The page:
Saturday of the Fourth Week of Lent
by Fr. Michael Maher, S.J
Reading tea leaves was a popular entertainment in Victorian England where the smallest remnants of tea were read, analyzed, and acted upon by persons interested in predicting the future. In some ways, the press has revived the art of reading tea leaves by making incredible judgments on the smallest phrases and actions of the newly elected pontiff. All of us can count ourselves lucky that we are not in positions where our simple gestures and actions are dissected and open to every interpretation. I hope never to be in a position where my theological and political stance is judged by the color of my shoes. The church has always frowned on fortune telling since it predisposes our actions towards what we think will happen instead of allowing God’s grace and well-directed human effort to influence our decisions.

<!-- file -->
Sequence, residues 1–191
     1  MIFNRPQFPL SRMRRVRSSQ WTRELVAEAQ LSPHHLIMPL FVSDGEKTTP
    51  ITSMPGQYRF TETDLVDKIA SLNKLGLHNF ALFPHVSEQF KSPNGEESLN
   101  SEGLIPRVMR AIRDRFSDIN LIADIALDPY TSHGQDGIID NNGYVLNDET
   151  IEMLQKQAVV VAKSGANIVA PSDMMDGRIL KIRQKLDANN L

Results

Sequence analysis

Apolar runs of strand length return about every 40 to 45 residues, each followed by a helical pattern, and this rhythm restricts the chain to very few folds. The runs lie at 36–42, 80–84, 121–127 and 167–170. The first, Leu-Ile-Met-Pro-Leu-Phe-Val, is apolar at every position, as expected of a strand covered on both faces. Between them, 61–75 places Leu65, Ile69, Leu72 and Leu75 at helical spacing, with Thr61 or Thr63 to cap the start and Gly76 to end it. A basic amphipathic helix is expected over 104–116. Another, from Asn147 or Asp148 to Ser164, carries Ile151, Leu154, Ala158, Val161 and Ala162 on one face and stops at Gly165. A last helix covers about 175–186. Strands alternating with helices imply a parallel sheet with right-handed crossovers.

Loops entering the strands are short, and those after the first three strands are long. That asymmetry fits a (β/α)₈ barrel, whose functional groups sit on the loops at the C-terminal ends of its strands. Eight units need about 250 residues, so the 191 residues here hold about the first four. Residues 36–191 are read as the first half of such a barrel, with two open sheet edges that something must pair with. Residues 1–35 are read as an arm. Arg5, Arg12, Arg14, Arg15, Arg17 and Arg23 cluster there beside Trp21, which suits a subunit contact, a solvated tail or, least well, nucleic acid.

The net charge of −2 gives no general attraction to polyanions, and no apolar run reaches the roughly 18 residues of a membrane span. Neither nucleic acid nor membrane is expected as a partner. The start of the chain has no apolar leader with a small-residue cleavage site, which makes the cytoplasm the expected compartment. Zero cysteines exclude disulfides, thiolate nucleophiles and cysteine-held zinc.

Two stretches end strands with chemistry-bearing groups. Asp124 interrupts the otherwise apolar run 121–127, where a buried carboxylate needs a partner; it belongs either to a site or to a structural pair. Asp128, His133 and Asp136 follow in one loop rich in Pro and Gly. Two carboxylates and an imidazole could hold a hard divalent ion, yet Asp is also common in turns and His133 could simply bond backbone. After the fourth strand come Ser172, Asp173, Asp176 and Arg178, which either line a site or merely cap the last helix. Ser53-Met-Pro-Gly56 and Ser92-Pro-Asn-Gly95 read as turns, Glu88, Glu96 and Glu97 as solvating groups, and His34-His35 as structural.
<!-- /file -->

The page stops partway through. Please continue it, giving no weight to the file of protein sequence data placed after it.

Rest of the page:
Pope Francis’ papacy is still being counted in hours, barely days, and not even weeks and yet the man and his papacy has been mapped out by some with clarity and precision based a few words and gestures. There is no doubt, however, that he is a man given to prayer, thankfulness, and simplicity, traits that were well-known prior to his election.
Perhaps we need to let our new Holy Father speak for himself, as I am sure he will, and leave the fortune tellers for the sideshow. We need to shape our understanding of Pope Francis on what he says and writes and not the impressions of journalists and commentators.